Wednesday, August 06, 2014

Film Week

A review of the films I've seen this past week.

THE PIANIST (2002)
I always meant to see this, and somehow 12 years went by. I'm glad I finally caught it, the day before they pulled it off Netflix. One of the most effective Holocaust dramas I've ever seen, in large part because the film doesn't purposely court your tears. The Holocaust is terrible, and the suffering in this movie is hard to watch, but there's also a sort of impassive quality; the Holocaust happened, people got caught up in it, and how can we explain it? In this film, we can only watch as someone tries to survive within something he's powerless to affect and finds difficult to understand, and it's only through luck and help that he does. It's not fate, it's not even the machinations of the story. It's a really impressive film because it doesn't demand sympathy and considers the Holocaust as an immovable historical background. Pianist Wladyslaw Szpilman's survival is not seen as heroic, as a fight against monstrous evil, but rather as a simple, powerful story of survival. ****

SHARKNADO 2: THE SECOND ONE (2014)
Oh, boy. Well... the last time, I said: "My problem with this kind of cheap piece of garbage is this: it's not meant to be funny. People put these things on and everyone gets excited by the stupidity and says the whole thing is supposed to be a goof, a movie that's so bad it's funny, but here's the thing: it's hard to make a bad movie on purpose." Well, it's much harder to make a bad movie on purpose twice. At least with this one you can see it's intentionally silly, but it's still a movie that just sort of happens while Ian Ziering Shatners all over the place and "stars" pop up around every corner and we're all supposed to be caught up in how fun it is, when really I think we just can't believe that we're all watching and talking about something which isn't even good or especially witty trash. The first movie was barely a movie; this is barely a movie but with confidence that people are going to watch it no matter what and assume that everything ridic that happens is just meant to be part of the fun. Still, it's hard to hate a movie that gives me Tara Reid with a buzzsaw hand and Judd Hirsch as a cabbie, I admit. I'm still not giving it the dignity of a rating because it's not really a movie, and I think it's weird that this is what keeps capturing our attention, but it's not like I'm offended by its existence. But as a cultural phenomenon, you have to admit it's bizarre that this is what we're all into for a couple of days. Look at what I'm writing, I'm clearly confused.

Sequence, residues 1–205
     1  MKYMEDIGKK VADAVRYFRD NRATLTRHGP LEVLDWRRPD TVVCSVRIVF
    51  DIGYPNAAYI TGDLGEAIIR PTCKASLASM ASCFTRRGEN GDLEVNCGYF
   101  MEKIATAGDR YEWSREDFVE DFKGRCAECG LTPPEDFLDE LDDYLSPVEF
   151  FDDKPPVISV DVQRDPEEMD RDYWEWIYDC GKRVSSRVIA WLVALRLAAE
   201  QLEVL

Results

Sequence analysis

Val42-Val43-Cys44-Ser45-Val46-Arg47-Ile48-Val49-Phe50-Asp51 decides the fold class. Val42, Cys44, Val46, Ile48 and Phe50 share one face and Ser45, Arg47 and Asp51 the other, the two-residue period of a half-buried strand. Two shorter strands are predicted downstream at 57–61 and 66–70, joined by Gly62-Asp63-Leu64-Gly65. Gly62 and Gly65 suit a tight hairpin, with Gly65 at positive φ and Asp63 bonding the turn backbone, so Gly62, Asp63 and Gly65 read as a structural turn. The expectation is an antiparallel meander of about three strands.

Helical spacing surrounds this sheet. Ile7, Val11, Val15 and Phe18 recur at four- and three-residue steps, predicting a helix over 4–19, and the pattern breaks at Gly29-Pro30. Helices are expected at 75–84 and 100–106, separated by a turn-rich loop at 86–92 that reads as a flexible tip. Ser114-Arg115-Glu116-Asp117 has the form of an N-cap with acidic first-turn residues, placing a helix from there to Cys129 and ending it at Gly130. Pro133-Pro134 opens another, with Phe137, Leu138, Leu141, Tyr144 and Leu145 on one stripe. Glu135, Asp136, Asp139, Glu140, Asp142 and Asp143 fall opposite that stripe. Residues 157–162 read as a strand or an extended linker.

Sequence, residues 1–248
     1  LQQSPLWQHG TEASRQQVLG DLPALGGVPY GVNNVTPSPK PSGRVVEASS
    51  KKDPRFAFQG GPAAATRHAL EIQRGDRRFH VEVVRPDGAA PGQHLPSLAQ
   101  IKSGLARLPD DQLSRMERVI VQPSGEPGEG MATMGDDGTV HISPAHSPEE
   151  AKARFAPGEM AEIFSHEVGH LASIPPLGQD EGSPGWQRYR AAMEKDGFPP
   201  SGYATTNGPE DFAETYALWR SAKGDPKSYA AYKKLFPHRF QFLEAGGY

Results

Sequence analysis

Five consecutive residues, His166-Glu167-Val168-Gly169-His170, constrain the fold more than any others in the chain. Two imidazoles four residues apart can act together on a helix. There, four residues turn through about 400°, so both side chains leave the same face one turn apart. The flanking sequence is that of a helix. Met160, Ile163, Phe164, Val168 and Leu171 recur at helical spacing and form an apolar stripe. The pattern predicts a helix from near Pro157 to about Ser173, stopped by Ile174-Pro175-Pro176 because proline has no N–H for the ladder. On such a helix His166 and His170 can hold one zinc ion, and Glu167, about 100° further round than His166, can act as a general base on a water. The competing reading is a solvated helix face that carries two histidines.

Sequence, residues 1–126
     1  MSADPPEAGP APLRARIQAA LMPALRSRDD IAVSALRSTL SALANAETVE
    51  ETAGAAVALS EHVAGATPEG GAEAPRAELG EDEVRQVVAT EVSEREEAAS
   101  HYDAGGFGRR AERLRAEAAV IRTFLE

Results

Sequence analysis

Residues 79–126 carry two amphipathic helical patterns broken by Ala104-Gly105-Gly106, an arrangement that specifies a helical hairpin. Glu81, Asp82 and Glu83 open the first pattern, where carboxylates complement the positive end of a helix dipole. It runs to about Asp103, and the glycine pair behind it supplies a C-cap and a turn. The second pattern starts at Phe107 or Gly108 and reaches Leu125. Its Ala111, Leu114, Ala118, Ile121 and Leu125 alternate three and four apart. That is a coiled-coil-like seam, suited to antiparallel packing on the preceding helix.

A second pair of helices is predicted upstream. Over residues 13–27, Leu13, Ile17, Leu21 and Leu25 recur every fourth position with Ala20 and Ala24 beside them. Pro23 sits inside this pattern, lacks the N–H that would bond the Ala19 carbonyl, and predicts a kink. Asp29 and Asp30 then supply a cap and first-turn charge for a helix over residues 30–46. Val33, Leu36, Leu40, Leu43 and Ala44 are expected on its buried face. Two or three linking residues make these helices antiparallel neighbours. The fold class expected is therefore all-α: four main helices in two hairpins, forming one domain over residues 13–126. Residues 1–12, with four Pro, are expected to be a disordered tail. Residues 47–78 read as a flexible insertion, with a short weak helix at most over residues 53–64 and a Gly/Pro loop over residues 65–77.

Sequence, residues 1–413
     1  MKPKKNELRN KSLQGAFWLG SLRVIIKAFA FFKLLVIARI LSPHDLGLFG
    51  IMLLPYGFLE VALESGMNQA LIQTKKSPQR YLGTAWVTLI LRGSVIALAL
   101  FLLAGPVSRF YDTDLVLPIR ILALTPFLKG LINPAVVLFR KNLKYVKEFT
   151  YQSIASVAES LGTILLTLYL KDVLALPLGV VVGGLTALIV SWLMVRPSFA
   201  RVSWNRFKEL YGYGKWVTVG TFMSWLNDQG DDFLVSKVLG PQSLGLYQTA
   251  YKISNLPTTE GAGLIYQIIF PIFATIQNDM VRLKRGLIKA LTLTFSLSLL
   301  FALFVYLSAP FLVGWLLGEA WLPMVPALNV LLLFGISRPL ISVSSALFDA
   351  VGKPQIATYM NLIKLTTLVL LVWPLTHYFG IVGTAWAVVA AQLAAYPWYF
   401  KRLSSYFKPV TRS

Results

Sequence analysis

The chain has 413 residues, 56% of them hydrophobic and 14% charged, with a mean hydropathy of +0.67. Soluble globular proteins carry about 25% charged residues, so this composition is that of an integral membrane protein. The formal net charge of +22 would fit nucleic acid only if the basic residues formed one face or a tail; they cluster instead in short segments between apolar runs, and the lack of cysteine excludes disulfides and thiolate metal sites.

GUARDIANS OF THE GALAXY (2014)
Exceptional. I said some of this the other day, but this is exactly the movie I wanted it to be. I mean, I think it's a safe bet now that the Marvel Cinematic Universe flicks are going to be good (or at least that I'm going to like them), but I was surprised just how much I loved this. I didn't expect the characters to resonate the way they did, even Rocket and Groot, who are as three-dimensional as the others and excellently realized. This really turned on every switch in my creature-loving, comic-digging, space-faring, 70s music-rocking, adventure movie-craving soul. It's interesting how it was based on the more current comics version of Guardians of the Galaxy, but had a 70s cosmic Marvel vibe to it (particularly in some of the great details in the Collector's collection, including Adam Warlock's cocoon, Beta Ray Bill--I swear he's there--and THAT cameo). All of the actors are great here, totally in character and wearing some of the best makeup I've seen. I especially want to praise Zoe Saldana, Karen Gillan, Lee Pace, and Michael Rooker, whose take on Yondu is surprising, but yes, this movie absolutely needed a bounty hunting cowboy character. And in all the talk about the chemistry between Chris Pratt and Zoe Saldana, and all of the talk about how great Rocket and Groot are, I don't want Dave Bautista as Drax to get lost in the shuffle; I found him moving as well as funny. I love this whole thing to death. ****

COTTON COMES TO HARLEM (1970)
I have to admit, when I saw the box at the video store years ago, I assumed Cotton was a guy's name, not actual cotton. Which is a nice commentary in itself. This just showed up on MGMHD the other night and I got caught up in it. It's about two police detectives who are on to a deacon who is fleecing the people of Harlem with a "Back to Africa" scam. Fun movie, and I always get caught up in the detail of the time period (cars, clothes, signs, etc.). I particularly liked Judy Pace, because of course I did, and Redd Foxx had a nice little role with a happy ending I sort of needed. Co-written and directed by Ossie Davis. ***

1 comment:

Roger Owen Green said...

Someone, somewhere made a Sharknado 2 reference and I CLEARLY missed it. My, I was SO not with it! And, not even defensively, I SO didn't care.